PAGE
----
This week is National Eye Health Week, a campaign that promotes eye health and encourages people to look after their eyes by booking in for regular sight tests.
Looking after your eyes doesn’t need to be difficult – there are plenty of everyday things you can do to protect your eyes and promote good eye health.
Get your eyes tested.
Regular sight tests aren’t just about 20/20 vision. You should be getting your eyes tested every two years, even if you think your vision is fine or haven’t noticed any changes since your last visit.
Some eye conditions don’t show any noticeable symptoms at first, but if caught early can be treated successfully. A sight test can also help identify other health issues ; high blood pressure raised cholesterol, diabetes and increased risk of stroke can all be detected during a sight test.
In the UK People over the age of 60 and anyone with diabetes or a family history of glaucoma are entitled to free eye tests under the NHS.
On an everyday basis, there are some simple rules to follow.
- Quit smoking
Smoking is directly linked to blindness. Smokers are nearly four times more likely to develop macular degeneration than past smokers or non-smokers.
- Wear sunglasses
Cumulative UV exposure can increase the risk of developing cataracts or macular degeneration – the leading cause of blindness in the UK. Look for frames that sport a CE, UV 400 or British Standard mark.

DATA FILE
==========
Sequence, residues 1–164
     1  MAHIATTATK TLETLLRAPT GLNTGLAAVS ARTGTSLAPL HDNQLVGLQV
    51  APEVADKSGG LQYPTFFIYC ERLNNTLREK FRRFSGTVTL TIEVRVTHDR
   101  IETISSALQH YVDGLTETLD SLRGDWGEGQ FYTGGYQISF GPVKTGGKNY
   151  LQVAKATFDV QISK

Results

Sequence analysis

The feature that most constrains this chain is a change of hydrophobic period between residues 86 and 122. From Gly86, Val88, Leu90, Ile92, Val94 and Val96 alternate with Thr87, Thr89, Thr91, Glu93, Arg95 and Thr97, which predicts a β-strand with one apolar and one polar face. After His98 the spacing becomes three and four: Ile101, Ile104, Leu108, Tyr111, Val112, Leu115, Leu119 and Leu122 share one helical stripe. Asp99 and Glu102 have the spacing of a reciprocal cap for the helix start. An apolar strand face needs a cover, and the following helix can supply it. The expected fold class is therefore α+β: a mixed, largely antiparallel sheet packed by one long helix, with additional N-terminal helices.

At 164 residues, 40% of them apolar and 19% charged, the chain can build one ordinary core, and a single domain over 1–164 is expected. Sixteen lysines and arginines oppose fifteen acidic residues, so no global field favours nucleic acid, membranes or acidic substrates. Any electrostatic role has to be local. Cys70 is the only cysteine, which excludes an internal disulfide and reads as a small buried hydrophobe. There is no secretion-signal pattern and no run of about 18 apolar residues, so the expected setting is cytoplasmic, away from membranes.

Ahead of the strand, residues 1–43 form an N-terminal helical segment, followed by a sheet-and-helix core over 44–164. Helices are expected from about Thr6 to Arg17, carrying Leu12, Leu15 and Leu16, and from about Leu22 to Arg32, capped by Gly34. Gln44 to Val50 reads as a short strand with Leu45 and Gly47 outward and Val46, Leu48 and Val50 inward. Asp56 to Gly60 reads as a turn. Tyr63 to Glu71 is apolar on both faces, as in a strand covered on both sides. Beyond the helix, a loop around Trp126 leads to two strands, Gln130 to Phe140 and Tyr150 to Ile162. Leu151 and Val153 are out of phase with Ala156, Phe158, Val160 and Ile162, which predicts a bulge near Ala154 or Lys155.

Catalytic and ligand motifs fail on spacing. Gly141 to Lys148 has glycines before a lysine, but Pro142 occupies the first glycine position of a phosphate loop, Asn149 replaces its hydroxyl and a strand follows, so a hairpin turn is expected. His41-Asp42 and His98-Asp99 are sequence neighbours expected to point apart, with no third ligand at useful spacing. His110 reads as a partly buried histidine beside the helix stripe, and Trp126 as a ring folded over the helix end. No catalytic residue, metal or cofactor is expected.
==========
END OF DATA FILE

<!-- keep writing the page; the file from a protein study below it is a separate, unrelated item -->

- Use protective goggles
- If you have a hobby, or amongst the thousands of people who are DIY enthusiasts wear protective goggles. Dust, wood chips, and chemicals can cause a lot of damage to your corneas.
- Eat healthily
Foods rich in omega-3 fatty acids, zinc and vitamins C and E can help prevent age-related vision problems. Incorporate green leafy vegetables, oily fish like salmon and citrus fruit into your diet.
- Switch off the screen
Many of us spend hours a day staring at computer screens or working from a tablet. Working at a computer for extended periods of time can cause screen fatigue with symptoms like itchy, sore or tired eyes, impaired colour perception and temporary blurring. om a screen.
All the contents in this article are for provided for general information only, and should not be treated at all as a substitute for the medical advice of your own doctor or any other healthcare professional.